(Hardback and paperback versions, respectively.)
Laurie Faria Stolarz
FROM THE COVER:
High atop Hathorne Hill, just outside of Boston, sits Danvers State Hospital. Built in 1878 and closed in 1992, this abandoned mental institution is rumored to be the birthplace of the lobotomy. Locals have long believed the place to be haunted. They tell stories about the unmarked graves on the premises, and of cold winds felt throughout its underground tunnels. And then there are the treasures found inside, eerie remnants of its former patients: journals, hair combs, bars of soap, even old medical records – all left behind for trespassers to view.
On the eve of the hospital’s demolition, six teens break in to spend the night and film a movie about their adventures. For Derik, it’s an opportunity to win a filmmaking contest and save himself from a future of flipping burgers at his parents’ diner. For the others, it’s a chance to be on TV, or for a night with no parents. But what starts as a playful dare quickly escalates into a frenzy of nightmarish action. Behind the crumbling walls and down every dark passageway, these high schoolers will unravel the mysteries of those who once lived there and of the spirits who still might.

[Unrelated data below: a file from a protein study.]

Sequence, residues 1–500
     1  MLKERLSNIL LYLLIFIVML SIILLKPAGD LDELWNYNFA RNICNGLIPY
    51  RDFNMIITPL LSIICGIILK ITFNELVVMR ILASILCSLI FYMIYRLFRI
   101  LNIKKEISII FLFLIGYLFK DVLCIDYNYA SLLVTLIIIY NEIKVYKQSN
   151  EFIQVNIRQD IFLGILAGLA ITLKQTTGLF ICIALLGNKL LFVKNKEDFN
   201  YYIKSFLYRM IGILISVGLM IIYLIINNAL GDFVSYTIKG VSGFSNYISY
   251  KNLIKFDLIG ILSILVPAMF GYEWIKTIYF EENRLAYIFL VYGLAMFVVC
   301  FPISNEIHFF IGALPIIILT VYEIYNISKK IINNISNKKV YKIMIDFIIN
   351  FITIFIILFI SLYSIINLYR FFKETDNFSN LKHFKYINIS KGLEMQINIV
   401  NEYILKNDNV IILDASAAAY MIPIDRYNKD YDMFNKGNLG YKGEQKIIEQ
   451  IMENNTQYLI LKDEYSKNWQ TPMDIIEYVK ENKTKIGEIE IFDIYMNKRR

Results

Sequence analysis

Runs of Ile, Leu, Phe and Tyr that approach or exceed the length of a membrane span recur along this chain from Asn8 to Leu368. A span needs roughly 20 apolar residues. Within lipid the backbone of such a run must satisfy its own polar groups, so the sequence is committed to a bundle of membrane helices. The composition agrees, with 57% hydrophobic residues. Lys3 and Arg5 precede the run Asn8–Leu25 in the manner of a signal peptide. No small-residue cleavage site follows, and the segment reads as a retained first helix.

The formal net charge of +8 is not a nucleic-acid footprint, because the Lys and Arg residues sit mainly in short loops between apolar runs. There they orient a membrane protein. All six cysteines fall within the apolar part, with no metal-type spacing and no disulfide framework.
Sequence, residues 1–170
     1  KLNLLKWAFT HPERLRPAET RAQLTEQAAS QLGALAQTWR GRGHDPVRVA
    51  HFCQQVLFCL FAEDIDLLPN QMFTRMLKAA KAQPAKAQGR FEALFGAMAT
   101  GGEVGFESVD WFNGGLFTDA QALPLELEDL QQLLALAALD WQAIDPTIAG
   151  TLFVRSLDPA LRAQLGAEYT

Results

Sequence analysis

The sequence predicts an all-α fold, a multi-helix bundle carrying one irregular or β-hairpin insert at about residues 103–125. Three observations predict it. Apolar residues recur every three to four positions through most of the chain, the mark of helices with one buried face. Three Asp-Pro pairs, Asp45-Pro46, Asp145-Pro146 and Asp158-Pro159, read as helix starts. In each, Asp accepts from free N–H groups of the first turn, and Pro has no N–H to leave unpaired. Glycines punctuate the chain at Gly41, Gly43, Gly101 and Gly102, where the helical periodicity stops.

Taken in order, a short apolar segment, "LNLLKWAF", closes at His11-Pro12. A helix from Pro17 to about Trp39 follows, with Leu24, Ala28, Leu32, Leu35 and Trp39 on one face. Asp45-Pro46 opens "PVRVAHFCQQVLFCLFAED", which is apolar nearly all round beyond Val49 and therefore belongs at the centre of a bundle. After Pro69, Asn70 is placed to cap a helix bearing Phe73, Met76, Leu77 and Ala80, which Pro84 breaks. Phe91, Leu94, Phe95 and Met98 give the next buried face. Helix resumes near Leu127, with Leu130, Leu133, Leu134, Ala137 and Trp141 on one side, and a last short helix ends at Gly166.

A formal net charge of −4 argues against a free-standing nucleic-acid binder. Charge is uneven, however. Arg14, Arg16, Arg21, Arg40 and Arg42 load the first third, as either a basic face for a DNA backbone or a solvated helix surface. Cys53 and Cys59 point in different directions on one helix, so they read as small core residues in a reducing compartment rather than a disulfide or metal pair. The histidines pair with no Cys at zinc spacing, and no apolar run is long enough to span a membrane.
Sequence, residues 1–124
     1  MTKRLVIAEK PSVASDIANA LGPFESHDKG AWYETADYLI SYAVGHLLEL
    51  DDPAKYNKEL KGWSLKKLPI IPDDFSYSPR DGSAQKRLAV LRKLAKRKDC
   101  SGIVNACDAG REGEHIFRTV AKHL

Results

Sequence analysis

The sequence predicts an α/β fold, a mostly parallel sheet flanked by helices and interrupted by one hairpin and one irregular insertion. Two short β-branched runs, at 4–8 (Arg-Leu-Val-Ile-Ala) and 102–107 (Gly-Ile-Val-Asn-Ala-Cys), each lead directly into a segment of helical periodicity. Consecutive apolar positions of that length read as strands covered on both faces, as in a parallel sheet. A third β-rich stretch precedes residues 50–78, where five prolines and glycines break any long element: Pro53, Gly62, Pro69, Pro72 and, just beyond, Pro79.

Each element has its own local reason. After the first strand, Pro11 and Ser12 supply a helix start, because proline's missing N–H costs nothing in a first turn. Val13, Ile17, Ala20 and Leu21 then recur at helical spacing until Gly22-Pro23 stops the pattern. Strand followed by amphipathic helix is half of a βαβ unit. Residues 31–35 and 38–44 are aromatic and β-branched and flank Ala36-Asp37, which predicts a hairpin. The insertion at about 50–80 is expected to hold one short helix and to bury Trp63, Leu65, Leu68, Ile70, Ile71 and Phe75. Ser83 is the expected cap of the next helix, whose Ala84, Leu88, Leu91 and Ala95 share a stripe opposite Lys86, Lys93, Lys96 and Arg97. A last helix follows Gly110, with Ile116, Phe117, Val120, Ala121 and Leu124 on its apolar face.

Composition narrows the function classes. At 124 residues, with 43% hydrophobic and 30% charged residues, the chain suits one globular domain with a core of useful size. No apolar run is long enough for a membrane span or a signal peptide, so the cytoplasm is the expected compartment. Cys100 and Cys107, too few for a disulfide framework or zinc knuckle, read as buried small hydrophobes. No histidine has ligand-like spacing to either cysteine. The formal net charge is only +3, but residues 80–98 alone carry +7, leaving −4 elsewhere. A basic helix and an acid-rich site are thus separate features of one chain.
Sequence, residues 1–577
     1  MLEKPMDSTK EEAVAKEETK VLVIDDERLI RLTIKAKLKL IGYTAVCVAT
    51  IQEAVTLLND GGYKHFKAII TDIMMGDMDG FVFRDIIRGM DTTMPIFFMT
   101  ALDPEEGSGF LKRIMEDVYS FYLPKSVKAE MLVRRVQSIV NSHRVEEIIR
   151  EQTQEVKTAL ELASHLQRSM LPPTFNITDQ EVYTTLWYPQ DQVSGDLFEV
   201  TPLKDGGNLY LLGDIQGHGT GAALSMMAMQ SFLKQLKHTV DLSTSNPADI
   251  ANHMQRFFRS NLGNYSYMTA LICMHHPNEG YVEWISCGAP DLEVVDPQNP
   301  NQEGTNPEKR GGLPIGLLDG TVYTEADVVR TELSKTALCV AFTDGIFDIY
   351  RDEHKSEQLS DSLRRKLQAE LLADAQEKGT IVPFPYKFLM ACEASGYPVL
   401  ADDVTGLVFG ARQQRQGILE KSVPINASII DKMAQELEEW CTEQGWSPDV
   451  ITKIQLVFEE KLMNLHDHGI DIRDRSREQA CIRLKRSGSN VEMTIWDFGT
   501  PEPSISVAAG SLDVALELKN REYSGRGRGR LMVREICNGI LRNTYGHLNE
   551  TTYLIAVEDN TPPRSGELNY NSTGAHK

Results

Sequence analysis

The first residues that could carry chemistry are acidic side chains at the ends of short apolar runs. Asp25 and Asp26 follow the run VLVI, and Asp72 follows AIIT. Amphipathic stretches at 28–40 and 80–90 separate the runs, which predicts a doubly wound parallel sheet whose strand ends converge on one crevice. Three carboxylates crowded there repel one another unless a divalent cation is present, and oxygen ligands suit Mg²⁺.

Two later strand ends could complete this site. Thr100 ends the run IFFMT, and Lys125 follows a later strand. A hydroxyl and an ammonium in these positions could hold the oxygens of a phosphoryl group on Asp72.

My rating: 4 stars.
Think Are You Afraid of the Dark? – you know, that show from the good ol’ 90s – crossed with reality. Danvers State actually existed, and Stolarz conducted research for the novel. It’s still a fictional story, but the essence of Danvers has been incorporated.
Project 17 is thrilling, entertaining, and has a nice pace that keeps the suspense building. Essentially, the six characters fulfill some stereotypical role, but in a way that’s neither annoying nor boring; in fact, the stereotypes work well in the situations they’re given.
Each chapter is told by one of the six characters, in random orders. This, I find, is refreshing and keeps the reader more involved – especially because the characters are not all experiencing the same event, so readers don’t have to read about the same thing from multiple viewpoints.
It’s, at times, predictable. Sometimes even cheesy. And yet, Stolarz introduces the right amount of suspense to keep readers interested.
Imagine you’re watching a horror film in your mind. You may know what’s just around the corner, but you curiously prod forth anyway.